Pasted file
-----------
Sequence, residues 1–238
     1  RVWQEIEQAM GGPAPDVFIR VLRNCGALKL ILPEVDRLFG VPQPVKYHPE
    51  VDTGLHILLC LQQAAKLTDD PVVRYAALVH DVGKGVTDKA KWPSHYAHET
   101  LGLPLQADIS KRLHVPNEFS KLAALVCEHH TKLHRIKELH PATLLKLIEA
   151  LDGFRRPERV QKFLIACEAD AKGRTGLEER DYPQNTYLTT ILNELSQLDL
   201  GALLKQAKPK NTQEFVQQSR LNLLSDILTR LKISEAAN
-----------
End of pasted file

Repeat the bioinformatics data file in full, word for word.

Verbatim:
Sequence, residues 1–238
     1  RVWQEIEQAM GGPAPDVFIR VLRNCGALKL ILPEVDRLFG VPQPVKYHPE
    51  VDTGLHILLC LQQAAKLTDD PVVRYAALVH DVGKGVTDKA KWPSHYAHET
   101  LGLPLQADIS KRLHVPNEFS KLAALVCEHH TKLHRIKELH PATLLKLIEA
   151  LDGFRRPERV QKFLIACEAD AKGRTGLEER DYPQNTYLTT ILNELSQLDL
   201  GALLKQAKPK NTQEFVQQSR LNLLSDILTR LKISEAAN